> The agency says the tenant failed referencing as did a guarantor and instead the tenant agreed to pay six months’ rent and a deposit in advance,

    Did the bank statement show he/she the six month rent in their bank account??. If not where was the money coming from??

    The landlord should have taken the letting agency to Court.

    The Government abolished tenant referencing fees, however it means a crooked tenant will loose no money over false references or sub-standard credit history.

    I refuse to give keys, until the money has been transferred over. I get them to sign the tenancy, but I don’t sign it, until the money is cleared.

    How is this not a criminal matter? Why had n’t this been reported to the Police?

    > He asked the agency to re-imburse him, a request it declined although the company waived its £420 fee as a gesture of good will

    How is it the agency, got their £420 fee?

  2. I don’t know why ANYONE would accept a tenant and guarantor who failed referencing. Rent in advance might be attractive to some desperate to get their hands on funds but is risky. If they can;t pay at the start of a tenancy what are the chances of paying later on – we all know the Government are making it more and more difficult to remove tenants. The Gov want to play hardball landlords need to up their game to match. Of course it will reduce the number of properties that suspect tenants or poorly placed tenants will have available to them but this is driven by Government and so called houisng Charities. Its a hard life and it will get much harder

  3. Why any landlord would accept a tenant (and their guarantor) who both failed the credit checks I don’t know. If they can’t fund the rent at the start, what hope is there for future rent payments? A very unwise move on the LLs part and as the omburdsman basically said, he knew there was a risk.
    And why would a reputable agent suggest to a LL to do so even with ‘upfront’ payment which turned out not be be. A sloppy or greedy agent trying shortcuts by not ensuring receipt of payment and in a rush to get their fee. Surely it is basic stuff – proof of payment is not proof of receipt especially when the so called proof of payment is a screen shot sent by the fraudulant tenant. So basic but there are agents that will take shortcut. The greatest power a Landlord ever has is to say no to a prospective tenant and an agent trying to rush the basic checks. Now more than ever, caution is the watchword when considering a new tenancy.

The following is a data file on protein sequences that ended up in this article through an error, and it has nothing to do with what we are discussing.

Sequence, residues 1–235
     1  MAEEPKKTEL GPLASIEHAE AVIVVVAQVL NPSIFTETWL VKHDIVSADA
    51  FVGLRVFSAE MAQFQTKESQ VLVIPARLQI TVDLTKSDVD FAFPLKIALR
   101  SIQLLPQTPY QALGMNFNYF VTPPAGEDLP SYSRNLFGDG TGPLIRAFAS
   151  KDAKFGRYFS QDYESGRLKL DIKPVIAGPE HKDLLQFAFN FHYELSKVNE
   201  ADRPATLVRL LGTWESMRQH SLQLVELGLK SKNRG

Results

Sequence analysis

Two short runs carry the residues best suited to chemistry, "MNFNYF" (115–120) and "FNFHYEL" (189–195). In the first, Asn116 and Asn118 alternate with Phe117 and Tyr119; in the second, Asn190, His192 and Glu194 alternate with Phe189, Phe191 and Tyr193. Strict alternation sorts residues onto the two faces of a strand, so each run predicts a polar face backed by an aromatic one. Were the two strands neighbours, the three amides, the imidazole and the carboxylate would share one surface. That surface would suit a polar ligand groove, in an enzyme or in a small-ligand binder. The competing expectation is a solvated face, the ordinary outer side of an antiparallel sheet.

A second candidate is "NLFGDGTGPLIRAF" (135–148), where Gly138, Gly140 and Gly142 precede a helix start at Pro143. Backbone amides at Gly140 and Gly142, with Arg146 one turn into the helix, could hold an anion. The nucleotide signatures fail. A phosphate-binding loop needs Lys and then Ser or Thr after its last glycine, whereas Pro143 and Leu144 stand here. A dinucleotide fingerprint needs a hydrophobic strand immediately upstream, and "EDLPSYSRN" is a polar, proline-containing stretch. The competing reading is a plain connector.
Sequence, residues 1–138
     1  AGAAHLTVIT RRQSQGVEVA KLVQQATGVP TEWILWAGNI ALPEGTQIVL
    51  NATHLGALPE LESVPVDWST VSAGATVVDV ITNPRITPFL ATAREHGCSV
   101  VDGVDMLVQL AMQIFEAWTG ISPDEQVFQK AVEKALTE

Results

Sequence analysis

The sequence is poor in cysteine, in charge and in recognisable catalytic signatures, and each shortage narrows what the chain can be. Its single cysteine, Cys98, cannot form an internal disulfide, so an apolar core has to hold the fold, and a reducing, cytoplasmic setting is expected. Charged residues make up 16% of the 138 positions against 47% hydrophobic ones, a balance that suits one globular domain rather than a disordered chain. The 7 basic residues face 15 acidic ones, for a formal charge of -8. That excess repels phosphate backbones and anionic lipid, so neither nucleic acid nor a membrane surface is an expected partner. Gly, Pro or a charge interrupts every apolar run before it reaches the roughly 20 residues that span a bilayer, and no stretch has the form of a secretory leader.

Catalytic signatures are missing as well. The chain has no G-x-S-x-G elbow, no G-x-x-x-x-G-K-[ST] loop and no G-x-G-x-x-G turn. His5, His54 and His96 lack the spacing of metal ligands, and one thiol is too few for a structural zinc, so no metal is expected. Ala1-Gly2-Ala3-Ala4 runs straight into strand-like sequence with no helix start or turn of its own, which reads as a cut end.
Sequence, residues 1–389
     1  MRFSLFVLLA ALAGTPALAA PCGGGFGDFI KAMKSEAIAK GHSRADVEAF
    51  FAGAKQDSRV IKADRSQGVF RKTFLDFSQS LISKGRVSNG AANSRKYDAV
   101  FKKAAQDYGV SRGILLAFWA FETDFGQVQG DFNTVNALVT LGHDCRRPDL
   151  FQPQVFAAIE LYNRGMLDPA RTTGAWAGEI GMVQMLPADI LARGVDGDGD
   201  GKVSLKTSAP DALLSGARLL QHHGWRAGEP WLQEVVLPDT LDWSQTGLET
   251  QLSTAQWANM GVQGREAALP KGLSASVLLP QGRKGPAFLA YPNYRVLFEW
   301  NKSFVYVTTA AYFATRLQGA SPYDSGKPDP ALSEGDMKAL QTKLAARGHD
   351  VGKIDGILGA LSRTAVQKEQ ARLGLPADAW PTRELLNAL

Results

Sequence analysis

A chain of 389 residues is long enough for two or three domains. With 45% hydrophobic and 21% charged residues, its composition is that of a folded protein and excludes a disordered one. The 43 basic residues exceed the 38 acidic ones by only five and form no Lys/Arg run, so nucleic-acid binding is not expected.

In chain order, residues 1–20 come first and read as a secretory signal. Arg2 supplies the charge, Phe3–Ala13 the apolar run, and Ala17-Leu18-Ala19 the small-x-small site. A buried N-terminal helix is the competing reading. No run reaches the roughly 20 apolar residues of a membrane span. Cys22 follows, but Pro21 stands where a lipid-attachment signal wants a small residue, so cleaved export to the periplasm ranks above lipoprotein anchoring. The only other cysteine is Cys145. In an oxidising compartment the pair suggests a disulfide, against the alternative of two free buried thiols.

4. A screenshot suggests fraud or incompetence/laziness.
    Money in the bank is easy to check and the start of a working relationship.

    Times are hard for everyone, not just tenants, but landlords as well. If a tenant end up on Housing Benefit, it should always be paid to the Landlord from the beginning and arrears settled automatically at the same time. If the tenant cannot find work, the chance of them managing their financial affairs is going to be reduced. Literacy rates are dreadful. Many self-employed contractors have difficulty in providing proper invoices/receipts and rely on another family member. I have had to provide a template to at least 1 in 10 contractors. I promote local trades as this helps the local economy.

    Too many tenants need the Housing Benefit to just pay bills. This should be extended so that the basic Water, Heating, and Electricity are also paid to the service providers. At least 1 in 1000 local households are in extreme need and rely on charity as well as benefits. OK the rent will be capped, so should the services, and the cost of prepayment meters should be the standard rate, which should be capped for all services (yes, there is progress on this). I think that this should be extended to Internet charges so that there is no excuse for not getting Home schooling, etc. We have seen too many children of all ages, not getting any education during COVID.